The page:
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Open Access research which pushes advances in bionanotechnology

Strathprints makes available scholarly Open Access content by researchers in the Strathclyde Institute of Pharmacy & Biomedical Sciences (SIPBS) , based within the Faculty of Science.

SIPBS is a major research centre in Scotland focusing on 'new medicines', 'better medicines' and 'better use of medicines'. This includes the exploration of nanoparticles and nanomedicines within the wider research agenda of bionanotechnology, in which the tools of nanotechnology are applied to solve biological problems. At SIPBS multidisciplinary approaches are also pursued to improve bioscience understanding of novel therapeutic targets with the aim of developing therapeutic interventions and the investigation, development and manufacture of drug substances and products.

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Extended revenue forecasting within a service industry

Whitfield, Robert and Duffy, Alexander (2013) Extended revenue forecasting within a service industry. International Journal of Production Economics, 141 (2). pp. 505-518. ISSN 0925-5273

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Abstract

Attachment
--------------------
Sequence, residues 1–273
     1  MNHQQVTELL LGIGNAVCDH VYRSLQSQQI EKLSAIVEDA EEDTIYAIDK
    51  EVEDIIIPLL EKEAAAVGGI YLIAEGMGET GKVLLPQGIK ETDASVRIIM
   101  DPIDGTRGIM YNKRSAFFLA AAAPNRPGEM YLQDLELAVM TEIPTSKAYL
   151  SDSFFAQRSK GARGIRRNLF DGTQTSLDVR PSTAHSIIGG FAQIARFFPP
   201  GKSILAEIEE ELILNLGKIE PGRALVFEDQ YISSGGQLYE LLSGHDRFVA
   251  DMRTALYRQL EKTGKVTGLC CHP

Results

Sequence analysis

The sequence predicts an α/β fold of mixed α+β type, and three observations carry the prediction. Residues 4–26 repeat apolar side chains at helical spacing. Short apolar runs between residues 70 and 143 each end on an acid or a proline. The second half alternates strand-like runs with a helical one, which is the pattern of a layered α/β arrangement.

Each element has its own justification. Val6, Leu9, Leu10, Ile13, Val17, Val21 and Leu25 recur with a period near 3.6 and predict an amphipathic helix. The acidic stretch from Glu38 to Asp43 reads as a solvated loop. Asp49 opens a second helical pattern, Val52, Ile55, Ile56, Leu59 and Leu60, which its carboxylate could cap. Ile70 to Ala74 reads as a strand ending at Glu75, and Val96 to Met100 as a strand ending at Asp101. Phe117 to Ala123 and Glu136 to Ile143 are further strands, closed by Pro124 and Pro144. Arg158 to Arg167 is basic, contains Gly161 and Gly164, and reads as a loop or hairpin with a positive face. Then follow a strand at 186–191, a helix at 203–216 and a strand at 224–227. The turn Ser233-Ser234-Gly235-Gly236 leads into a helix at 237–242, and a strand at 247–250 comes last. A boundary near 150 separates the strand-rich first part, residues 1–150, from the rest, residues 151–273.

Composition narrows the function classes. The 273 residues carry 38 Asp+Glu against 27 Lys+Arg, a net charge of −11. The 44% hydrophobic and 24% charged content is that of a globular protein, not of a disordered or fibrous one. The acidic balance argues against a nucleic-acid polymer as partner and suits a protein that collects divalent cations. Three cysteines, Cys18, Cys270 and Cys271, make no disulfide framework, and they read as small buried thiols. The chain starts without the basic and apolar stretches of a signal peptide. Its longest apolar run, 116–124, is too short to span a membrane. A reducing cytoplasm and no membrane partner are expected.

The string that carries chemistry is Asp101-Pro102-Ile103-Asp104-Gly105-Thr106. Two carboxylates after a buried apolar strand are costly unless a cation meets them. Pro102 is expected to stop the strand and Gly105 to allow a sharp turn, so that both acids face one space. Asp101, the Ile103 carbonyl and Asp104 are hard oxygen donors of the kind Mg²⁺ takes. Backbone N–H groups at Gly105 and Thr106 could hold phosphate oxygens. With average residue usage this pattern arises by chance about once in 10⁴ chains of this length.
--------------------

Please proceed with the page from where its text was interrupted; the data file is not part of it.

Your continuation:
Revenue forecasting is an important topic for management to track business performance and support related decision making processes (e.g. headcount or capital expenditure). It focuses on how a business recognises operating revenue, which can differ from the point at which a sales order is won. Whilst there are many publications detailing forecasting theory, in a business context these largely focus on sales order recognition alone. This paper describes the development of a revenue forecasting tool appropriate for service provision. The organisation involved in the development of the revenue forecasting tool will remain anonymous for commercial reasons but will be referred to as “Organisation A”. The targeted outcome was to extend the forecast window from one month to three months with an error rate of no more than ±10%. The tool was required to consolidate supporting data, adopt appropriate analysis/projection techniques and extend the forecast window in a specific and complex business environment. The resulting tool returned high level results that were aligned to the original targets, and was developed with three components using a combination of projection approaches appropriate to the operating environment. Whilst limited to a specific service industry as a trial, the paper provides a useful reference point for revenue forecasting in complex service businesses and provides a basis for further research opportunities for extended revenue forecasting and business analysis approaches within other service industries.